No, you can’t go blind from doing it. Masturbation is defined as “the act or practice of stimulating the external sexual organs by oneself.”1
“Mutual masturbation”2 is when more than one person is involved.
Physical pleasure and release of sexual tension are among the benefits to many. Some use their hands and fingers, others use sex toys and some get creative, but playing it safe is key to having an enjoyable experience.
The sourced articles below should provide more information on masturbation.
Footnotes: 1. encyclopedia.com, accessed on 4/16/2018; 2. encyclopedia.com, accessed on 4/16/2018
- All The Puzzling Things That Happen To Your Body When You Masturbate, Explained By Science
“Cast your mind back to the last time you cracked one out, knocked one off, rubbed one out, masturbated — whatever you call it. You may well have noticed a few rather curious physiological responses that occurred in addition to your own personal pleasure party.”
Rachel Thompson, mashable.com, 5/11/2018
- Cereal Masturbation
“Dr Kellogg believed so fervently that sex was vexatious for the spirit and body that he never engaged in sexual intercourse with his wife, even opting to have two different rooms in their shared house and adopted all of his children.”
Lulu Morris, nationalgeographic.com.au, 2/26/2018
- Are There Side Effects To Masturbation?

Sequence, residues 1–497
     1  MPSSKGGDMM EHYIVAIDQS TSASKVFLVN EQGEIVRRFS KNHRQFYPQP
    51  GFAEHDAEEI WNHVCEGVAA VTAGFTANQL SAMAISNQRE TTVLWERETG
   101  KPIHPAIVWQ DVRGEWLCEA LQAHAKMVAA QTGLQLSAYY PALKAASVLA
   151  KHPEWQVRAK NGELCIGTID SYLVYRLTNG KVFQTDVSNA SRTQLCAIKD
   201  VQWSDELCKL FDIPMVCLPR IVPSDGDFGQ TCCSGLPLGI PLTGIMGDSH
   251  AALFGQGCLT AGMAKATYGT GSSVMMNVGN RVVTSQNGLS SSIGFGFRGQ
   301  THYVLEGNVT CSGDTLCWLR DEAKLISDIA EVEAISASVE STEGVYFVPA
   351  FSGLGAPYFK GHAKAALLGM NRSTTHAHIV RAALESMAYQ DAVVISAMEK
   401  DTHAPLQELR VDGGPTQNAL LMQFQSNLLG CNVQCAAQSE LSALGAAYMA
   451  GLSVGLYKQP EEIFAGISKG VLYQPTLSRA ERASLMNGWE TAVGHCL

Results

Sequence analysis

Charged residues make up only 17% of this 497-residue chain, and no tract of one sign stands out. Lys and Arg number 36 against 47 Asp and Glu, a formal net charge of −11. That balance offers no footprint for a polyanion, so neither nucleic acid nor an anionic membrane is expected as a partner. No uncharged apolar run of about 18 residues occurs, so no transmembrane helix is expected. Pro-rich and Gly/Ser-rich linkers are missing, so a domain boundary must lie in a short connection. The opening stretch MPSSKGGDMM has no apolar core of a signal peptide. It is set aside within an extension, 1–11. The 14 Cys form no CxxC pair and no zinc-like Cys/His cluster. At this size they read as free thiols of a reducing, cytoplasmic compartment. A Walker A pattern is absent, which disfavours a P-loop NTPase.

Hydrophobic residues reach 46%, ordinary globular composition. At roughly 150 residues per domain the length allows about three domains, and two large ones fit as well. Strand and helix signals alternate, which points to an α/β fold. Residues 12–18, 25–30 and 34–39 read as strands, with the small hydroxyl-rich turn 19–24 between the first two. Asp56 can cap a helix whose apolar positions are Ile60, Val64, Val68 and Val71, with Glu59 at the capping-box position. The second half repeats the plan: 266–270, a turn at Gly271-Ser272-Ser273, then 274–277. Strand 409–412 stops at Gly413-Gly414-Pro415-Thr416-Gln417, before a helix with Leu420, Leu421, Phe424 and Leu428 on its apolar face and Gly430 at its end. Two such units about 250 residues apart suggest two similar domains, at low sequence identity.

“Masturbation is a normal and healthy sexual activity with few side effects. Many bizarre claims surround masturbation, such as going blind, and most of these claims are untrue.”
Hannah Nichols; Reviewed by Janet Brito, PhD, LCSW, CST, medicalnewstoday.com, 12/7/2017
- Your Hands-On Guide To Solo Sex
“Masturbation is one of the sexiest ways to please yourself. We tell you how to throw a party for one.”
Lane Moore, cosmopolitan.com, 5/2/2017
“Is masturbation normal?
Online Resource, youngmenshealthsite.org, 4/24/2017
- A Senior’s Guide To Solo Sex
“Here are some reasons that we, as seniors, might want to enjoy solo sex…”
Joan Price, seniorplanet.org, 2/13/2017
- Childhood Trauma And Masturbation
“For most of us, it’s simply a part of life and a component of healthy sexuality. For others, however, this harmless behavior crosses the line into a compulsive activity that is anything but benign.”
Alexandra Katehakis PhD, MFT, psychologytoday.com, 2/6/2015